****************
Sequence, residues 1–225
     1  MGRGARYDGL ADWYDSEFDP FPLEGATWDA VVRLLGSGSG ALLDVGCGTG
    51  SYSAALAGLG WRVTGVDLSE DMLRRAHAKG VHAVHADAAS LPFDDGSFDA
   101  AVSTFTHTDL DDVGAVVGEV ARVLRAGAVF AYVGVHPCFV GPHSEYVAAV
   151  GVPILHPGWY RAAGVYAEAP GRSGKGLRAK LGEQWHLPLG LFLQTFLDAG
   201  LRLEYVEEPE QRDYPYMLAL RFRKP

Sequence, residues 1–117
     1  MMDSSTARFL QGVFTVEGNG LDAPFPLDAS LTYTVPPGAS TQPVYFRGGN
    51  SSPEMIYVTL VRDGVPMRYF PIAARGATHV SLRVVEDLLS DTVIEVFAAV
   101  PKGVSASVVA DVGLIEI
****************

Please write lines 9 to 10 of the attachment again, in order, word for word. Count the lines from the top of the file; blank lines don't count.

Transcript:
    51  SSPEMIYVTL VRDGVPMRYF PIAARGATHV SLRVVEDLLS DTVIEVFAAV
   101  PKGVSASVVA DVGLIEI